Second, undue emphasis on God’s grace to such an extent that His justice is downplayed or ignored is a most dangerous false doctrine. This is the ear-tickling (2 Tim. 4:3), sugar-coated dangerous error of hyper-grace. Basically, it tells us that once we believe in Christ we are justified, henceforth God will continually see us as righteous; we merely need to rest in Christ’s imputed righteousness. It claims that there is no need to confess our sins as all our sins, including future sins, have been forgiven. It also asserts that believers saved by grace are free from the demands of the law, that the Holy Spirit will not convict believers of sin, and that obedience on the believers’ part would nullify God’s grace. This teaching somewhat implies we have the licence to continue living in sin. But, clearly, we must not continue living in sin that grace may abound (Romans 6:1-2). For the grace of God has appeared, bringing salvation for all people, training us to renounce ungodliness and worldly passions (Titus 2: 11-12). Finally, this genre of “feel good” teaching attracts a huge following for it emphasises blessings―what we can get from God as opposed to self-denial and surrender to God―and downplays trials, suffering, costly discipleship and persecution. Who would not want such a watered-down version of Christianity? Joseph Prince, New Creation Church, Singapore, is considered by many to be the main progenitor of hyper-grace (‘pseudo grace’/ ‘cheap grace’/ ‘hyped-up grace’). For more:

                         Believers have been forgiven of our past (not future) sins (2 Peter 1:9)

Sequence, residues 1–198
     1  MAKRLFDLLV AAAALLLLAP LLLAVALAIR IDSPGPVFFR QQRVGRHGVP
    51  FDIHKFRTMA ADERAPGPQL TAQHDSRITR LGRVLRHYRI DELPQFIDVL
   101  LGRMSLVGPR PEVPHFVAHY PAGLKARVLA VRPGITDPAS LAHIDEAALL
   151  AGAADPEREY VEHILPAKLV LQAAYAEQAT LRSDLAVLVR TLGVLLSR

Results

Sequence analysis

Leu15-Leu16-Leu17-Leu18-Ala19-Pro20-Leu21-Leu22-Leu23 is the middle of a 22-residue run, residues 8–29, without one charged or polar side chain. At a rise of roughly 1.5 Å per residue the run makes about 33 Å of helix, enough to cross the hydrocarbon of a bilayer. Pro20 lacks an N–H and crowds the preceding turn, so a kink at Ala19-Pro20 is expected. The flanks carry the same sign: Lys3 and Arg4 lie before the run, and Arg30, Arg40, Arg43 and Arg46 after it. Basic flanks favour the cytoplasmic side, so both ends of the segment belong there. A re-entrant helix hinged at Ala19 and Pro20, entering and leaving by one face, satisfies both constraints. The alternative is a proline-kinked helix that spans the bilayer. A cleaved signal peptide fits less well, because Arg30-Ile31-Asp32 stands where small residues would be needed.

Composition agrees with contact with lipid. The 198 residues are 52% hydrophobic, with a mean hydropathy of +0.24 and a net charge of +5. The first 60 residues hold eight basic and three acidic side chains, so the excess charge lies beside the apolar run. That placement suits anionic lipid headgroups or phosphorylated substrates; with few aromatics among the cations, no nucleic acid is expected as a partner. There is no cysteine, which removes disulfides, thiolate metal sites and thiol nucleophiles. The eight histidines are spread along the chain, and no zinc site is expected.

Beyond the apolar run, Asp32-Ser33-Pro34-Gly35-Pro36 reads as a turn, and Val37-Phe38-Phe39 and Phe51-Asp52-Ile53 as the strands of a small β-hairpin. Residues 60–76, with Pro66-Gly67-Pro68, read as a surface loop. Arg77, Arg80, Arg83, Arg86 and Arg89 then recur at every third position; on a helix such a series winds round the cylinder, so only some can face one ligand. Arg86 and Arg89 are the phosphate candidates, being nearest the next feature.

Third, another big lie is that God promises us perfect health and material prosperity on earth. Believers who fall for this ‘prosperity gospel’ may be in for a nasty surprise when, despite their spiritual fervour, they are stricken with serious illnesses or experience financial shake-up like foreclosure and bankruptcy. To rub salt to the wound, such a lie often puts believers on a guilt trip: “All these bad things happen to you because you lack faith.” This false belief may also lead believers to become disillusioned with God when they or their loved ones suffer from a terminal illness, like cancer, in spite of fervent prayers. Believers who hold this false concept of God have only themselves to blame, not God.  In the first place, God never promises to heal always; He never guarantees perfect health. 

Related to the foregoing is the ‘name it, claim it’ heresy propagated by the ‘Word of Faith’ movement—that we can call into existence things that are not there. This is clearly a misreading of Romans 4:17, where it is God (not believers) who has the power to call things that are not there into existence. Believers cannot simply command, decree or declare for things to materialise. Furthermore, we cannot “bypass” the will of God (1 John 5: 14) and call into existence material things, like a luxury car, using “faith” as a tool to fulfil our selfish desires (James 4:3). Surely we cannot arm-twist and manipulate God for our own agenda.